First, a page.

Long Island City Community Garden Grows With New Expansion
LONG ISLAND CITY — A community garden that blooms on top of former railroad tracks in a gritty stretch of Long Island City has undergone a growth spurt.
LIC Roots Community Garden, at 29-08 47th Ave., expanded this spring with a new wing that now includes a beehive, a rainwater harvesting system and more raised beds to grow fresh herbs and vegetables.
"The extension can enable more students to learn about gardening, and for more of the community members to have their own plots," said Gerard Lordahl, greening director for GrowNYC which partners with LIC Roots.
The expansion, celebrated with a ribbon cutting ceremony on Thursday, was built by GrowNYC and funded by the Northstar Fund and Assemblywoman Kathy Nolan.
"Now we have some elbow room — we have more gardeners able to do their recreational gardening. It looks good," said Noah Kaufman, who works nearby and is one of the garden's founders.
LIC Roots was first formed at another nearby location in 2002 to serve as a 9/11 memorial garden in honor of Firefighter Michael E. Brennan, a native of Sunnyside, Queens, who was killed in the World Trade Center attacks.
The garden was uprooted after the owner of the original property gave it the boot. So in 2004, the gardeners asked the MTA for permission to fill in a section of unused railroad tracks on 47th Avenue, part of the former Degnon Terminal Railroad.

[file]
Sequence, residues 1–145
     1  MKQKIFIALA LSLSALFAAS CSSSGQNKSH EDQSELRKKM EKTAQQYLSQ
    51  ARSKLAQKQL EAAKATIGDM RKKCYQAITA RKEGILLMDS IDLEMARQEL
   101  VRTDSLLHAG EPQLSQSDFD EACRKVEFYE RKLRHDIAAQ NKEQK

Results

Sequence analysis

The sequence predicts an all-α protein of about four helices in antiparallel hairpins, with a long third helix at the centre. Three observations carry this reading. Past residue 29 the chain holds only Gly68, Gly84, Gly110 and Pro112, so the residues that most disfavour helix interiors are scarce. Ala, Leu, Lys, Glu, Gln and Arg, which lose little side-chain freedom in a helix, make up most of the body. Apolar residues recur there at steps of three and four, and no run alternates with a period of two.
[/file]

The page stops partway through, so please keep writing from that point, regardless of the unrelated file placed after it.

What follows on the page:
They built the new garden there, in a space Kaufman described as "an actual pile of garbage before we got there."
"It’s a very industrial neighborhood," he said, which makes LIC Roots an even more important asset in the area.
"Western Queens is one of the most underserved communities in the city of New York — we have five high schools adjacent to our community, and there's not one ball field or recreational facility."
LIC Roots is open everyday to the public from dawn until dusk, and is a popular lunchtime spot with office workers in the area and students and staff from nearby LaGuardia Community College.
"We know how important community gardens are for people in the concrete jungle," Kaufman said. "You need a place."